Hiking the Three Capes Track takes you on a truly wild adventure across some of Tasmania’s most stunning wilderness. The route opened to the public in December 2015, stretches over 46km and is split across 4 days.
The experience encompasses access to the Port Arthur Historic Site, an adrenaline fuelled boat trip, 3 nights accommodation in some pretty swanky eco cabins and of course, a chance to get up close and personal with the Capes themselves.
When hiking the Three Capes Track, you carry your life with you. This includes all of your own food, your sleeping bag and any other essentials you might need (see the packing list for full details). To minimise your impact on the environment; whatever you take in, you take out with you. This means all of your rubbish, so pack minimally and mindfully.
Day 1: Port Arthur – Surveyors
4km | 1 hour boat ride + 2 hour walk
Day 1 begins at Port Arthur Historic Site where you sign in, collect your important information and probably remember you’ve forgotten to pack your toothbrush. When booking your walk, you have the choice between two time slots for the boat ride.
Ever the enthusiastic type, I opted for the earlier time. To my delight, I found that out of the small group of just 13 who had booked onto the walk, only two of us would be taking the boat that morning!
A word about Port Arthur…
Many folks opt to use their free access to the site as a way to kill time before they catch their boat. I suggest taking a whole day to look around Port Arthur. The site is enormous and there is a lot of ground to cover and information to take in. If you are in the area a few days before your walk, let the friendly people in the visitor centre know you are hiking the Three Capes Track and they will happily let you come in early and free of charge.
If this doesn’t work for you, when you sign in on the day of your walk, you will be given a card allowing you free access for the next 2 years anyway! Port Arthur is an incredibly beautiful spot for a place with such a brutal history and you will become immersed in the fascinating stories, old buildings and tranquil gardens. Be sure to make use of the free guided walks and boat ride whilst you are there too.
Soon we were greeted by our awesome captain, Kane and boarded the boat. He took us around the coastline where we explored caves and sandy beaches, watched albatross and sea eagles in their element and got a glimpse of Cape Raoul and Tasman Island. Kane had a wealth of knowledge. You could really feel his passion for this salty, unpredictable environment.
Tip – Although named the Three Capes Track, as of writing this, Cape Raoul is only witnessed from a distance and not actually part of the walk itself (I found this to be slightly misleading). Nevertheless, you can do a separate hike to this cape and you’ll find more information here.
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The weather was on our side as we pulled into Denmans Cove. The crystal clear waters sparkled invitingly as we hopped off the boat and waved our captain off. As he disappeared, a sudden realisation hit me. This was it; we were alone, stranded on a secluded beach, and for a brief moment I felt as though I was on an episode of Survivor!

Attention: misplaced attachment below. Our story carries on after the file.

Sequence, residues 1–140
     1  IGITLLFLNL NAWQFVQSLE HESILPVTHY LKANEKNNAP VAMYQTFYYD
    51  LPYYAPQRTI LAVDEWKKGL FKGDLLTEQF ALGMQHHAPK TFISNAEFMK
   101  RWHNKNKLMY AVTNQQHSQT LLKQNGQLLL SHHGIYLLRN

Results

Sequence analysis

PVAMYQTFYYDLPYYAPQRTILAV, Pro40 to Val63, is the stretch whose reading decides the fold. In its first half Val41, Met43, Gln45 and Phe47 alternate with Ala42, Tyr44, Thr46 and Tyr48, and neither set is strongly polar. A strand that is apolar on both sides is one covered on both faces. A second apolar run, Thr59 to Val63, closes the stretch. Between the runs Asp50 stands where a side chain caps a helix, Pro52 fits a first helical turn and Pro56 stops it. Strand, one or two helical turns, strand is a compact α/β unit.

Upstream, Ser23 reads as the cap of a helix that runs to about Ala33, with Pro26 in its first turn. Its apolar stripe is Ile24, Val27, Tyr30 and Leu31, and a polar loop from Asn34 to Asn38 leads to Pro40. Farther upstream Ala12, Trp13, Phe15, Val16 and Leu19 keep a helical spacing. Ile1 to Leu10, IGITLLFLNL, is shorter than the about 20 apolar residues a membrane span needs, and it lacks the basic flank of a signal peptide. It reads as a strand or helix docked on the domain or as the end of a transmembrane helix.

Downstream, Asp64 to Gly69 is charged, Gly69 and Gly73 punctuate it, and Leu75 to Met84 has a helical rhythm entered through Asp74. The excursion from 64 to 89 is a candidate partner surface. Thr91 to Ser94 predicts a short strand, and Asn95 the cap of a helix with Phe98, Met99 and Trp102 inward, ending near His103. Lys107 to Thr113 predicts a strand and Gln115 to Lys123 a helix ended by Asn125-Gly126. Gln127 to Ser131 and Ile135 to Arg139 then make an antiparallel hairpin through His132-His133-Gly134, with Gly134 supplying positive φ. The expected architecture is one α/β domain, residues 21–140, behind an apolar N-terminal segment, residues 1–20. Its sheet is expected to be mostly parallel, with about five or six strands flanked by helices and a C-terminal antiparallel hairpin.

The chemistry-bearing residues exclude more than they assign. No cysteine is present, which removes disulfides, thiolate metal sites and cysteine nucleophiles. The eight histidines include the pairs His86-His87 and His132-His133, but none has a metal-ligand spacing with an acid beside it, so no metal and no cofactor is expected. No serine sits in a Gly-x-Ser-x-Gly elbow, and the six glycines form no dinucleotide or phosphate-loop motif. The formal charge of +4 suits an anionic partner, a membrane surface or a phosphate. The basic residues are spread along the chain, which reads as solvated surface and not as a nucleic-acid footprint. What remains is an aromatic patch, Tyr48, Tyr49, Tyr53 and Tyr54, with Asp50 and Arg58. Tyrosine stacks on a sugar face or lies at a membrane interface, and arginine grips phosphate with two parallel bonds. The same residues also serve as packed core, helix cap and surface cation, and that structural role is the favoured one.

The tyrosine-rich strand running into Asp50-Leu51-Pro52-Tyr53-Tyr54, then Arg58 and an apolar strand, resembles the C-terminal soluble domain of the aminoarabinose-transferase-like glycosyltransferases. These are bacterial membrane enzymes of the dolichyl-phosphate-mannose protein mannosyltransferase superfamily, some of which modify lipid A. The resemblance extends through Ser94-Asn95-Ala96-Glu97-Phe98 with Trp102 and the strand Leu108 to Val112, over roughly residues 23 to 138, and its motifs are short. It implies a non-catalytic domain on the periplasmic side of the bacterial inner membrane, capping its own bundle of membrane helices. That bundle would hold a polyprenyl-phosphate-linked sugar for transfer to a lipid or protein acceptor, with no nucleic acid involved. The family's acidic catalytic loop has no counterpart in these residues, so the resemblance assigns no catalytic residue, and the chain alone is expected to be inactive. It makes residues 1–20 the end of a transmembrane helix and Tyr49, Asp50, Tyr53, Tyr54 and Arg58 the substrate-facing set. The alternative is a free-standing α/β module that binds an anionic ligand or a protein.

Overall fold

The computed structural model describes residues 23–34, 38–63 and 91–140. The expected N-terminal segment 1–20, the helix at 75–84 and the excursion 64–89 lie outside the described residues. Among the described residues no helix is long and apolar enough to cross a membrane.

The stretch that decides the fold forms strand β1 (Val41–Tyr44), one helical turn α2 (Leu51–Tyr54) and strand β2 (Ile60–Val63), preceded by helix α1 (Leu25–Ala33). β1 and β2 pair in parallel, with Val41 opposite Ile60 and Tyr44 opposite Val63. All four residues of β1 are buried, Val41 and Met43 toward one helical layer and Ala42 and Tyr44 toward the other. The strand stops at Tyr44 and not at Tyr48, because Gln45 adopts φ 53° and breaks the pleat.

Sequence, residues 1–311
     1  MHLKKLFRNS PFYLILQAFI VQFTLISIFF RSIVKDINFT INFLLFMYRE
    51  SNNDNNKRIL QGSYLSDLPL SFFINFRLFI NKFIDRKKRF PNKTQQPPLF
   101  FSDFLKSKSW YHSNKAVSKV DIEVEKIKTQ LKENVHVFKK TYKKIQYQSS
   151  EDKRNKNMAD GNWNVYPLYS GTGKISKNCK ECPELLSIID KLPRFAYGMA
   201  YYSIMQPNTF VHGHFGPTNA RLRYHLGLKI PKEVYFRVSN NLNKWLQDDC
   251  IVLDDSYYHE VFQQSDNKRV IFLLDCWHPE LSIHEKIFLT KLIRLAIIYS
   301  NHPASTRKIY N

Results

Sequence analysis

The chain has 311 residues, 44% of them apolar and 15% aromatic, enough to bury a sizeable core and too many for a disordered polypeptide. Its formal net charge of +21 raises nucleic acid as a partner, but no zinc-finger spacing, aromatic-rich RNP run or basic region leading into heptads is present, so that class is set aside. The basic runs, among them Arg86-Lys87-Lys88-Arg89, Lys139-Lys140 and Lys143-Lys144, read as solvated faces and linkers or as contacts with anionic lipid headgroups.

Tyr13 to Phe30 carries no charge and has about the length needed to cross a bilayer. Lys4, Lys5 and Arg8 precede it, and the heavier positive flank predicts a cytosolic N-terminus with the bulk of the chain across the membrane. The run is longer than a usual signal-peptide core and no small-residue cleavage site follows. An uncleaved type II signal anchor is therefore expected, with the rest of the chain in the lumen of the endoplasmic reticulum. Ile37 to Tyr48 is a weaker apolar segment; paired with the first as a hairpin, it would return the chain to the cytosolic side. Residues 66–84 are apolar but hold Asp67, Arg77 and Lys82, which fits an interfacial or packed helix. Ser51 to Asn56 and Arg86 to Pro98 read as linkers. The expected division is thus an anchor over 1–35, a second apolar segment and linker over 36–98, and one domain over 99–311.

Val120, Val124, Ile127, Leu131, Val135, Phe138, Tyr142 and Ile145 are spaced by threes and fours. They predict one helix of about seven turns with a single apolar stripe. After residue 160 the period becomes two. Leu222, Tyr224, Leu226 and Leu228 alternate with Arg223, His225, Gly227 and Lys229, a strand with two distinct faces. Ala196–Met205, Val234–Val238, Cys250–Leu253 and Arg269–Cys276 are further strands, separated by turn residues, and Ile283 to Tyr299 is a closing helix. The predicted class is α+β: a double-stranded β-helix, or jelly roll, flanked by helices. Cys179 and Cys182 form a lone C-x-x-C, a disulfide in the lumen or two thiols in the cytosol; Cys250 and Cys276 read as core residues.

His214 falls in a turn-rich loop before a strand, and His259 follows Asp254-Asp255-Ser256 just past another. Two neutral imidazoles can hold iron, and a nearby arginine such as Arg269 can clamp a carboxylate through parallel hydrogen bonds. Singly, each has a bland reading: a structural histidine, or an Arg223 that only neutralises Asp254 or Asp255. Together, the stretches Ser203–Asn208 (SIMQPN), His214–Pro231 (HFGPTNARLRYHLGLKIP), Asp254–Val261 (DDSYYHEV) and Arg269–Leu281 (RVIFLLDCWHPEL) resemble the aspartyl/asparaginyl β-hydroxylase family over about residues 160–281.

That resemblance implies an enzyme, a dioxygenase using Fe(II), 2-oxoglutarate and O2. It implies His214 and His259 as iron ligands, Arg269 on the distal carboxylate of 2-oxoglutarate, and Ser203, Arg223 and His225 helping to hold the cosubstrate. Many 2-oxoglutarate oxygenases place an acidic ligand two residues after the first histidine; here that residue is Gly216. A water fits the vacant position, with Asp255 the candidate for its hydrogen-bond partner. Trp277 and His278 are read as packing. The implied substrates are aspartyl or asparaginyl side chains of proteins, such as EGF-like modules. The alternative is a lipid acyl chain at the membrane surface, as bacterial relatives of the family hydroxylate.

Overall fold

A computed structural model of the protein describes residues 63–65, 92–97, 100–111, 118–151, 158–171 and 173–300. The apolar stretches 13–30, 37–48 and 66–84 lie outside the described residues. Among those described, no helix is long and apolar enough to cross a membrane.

I sat on the sand and took some time to take it all in and contemplate that I would spend the next 4 days hiking the Three Capes Track. I felt both excited and apprehensive, my main worry was about being hungry and not having enough food.
After a quick pee behind a rock, I set off. The walk followed the coastline south, gradually climbing uphill through eucalyptus forest and heathland. This was my first experience of hiking with a large backpack (little did I know that 3 years later I’d hike 1000 miles of the Appalachian Trail). Almost immediately I was feeling the effects of an added 12kg.
It took about 2 hours to reach the accommodation, Surveyors. The cabin is bigger than you’d expect. It has the capacity to house 48 people per day, so with just 13 of us booked on, we had the run of the place. The kitchen(s) are cosy and well equipped, the mattresses are comfy and even the long drop toilets are pretty luxurious!
Tip – Make sure you take a torch with you, as there are no lights in the bedrooms or bathrooms. A head torch is a very good idea; I discovered that peeing with a phone torch isn’t the easiest.
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A live-in ranger greets you at each cabin. They are there to make sure you don’t burn the place down, answers your questions and brief you on the following days walk.
After choosing my room, dropping my pack, gulping back a packet of soup and chilling out on the deck overlooking Cape Raoul with ranger Robin; the remaining 11 walkers began to filter through and the sun began to set. That night I made new friends, played games and felt really, really hungry.
Day 2: Surveyors – Munro
11km | 4 hour walk
We awoke to torrential rain. Sheets of it battering the cabin and surrounding landscape. The view we had admired the previous night was now almost gone. For breakfast I ate a small sachet of porridge jazzed up with some nuts and dried fruit. I could have cried.
I was the last to leave. As I waited for a break in the rain, I took advantage of Robin’s pack-fitting expertise. I waterproofed as much of myself and my pack as possible, unintentionally making myself look like an extra-terrestrial being carrying some weird space pod on my back.
As soon as the rain stopped, I bravely set off. After 3 whole minutes of enthusiastic marching the heavens opened once more and in a split second, I looked like I had just taken a dip in the ocean.
My trousers were sticking to my legs, the tops of my socks were wet, water was running down my sleeves and my hair stuck to my face. The enthusiastic marching turned into more of a sad shuffle as I dipped in and out of more forests and across moorland. Then came the thunder, and the shuffling reverted back to marching, but this time with a rocket up my backside.
The rain did eventually turn to drizzle and things slowly began to clear. As I climbed Arthurs Peak and Crescent Mountain, some lovely coastal views materialised.
It was then back down into more forest as I hit the home straight. At some point, a helicopter flew right over my head, giving me an indication that I was close to the next cabin, Munro. My steps quickened as I fantasised that it might be dropping off some extra food.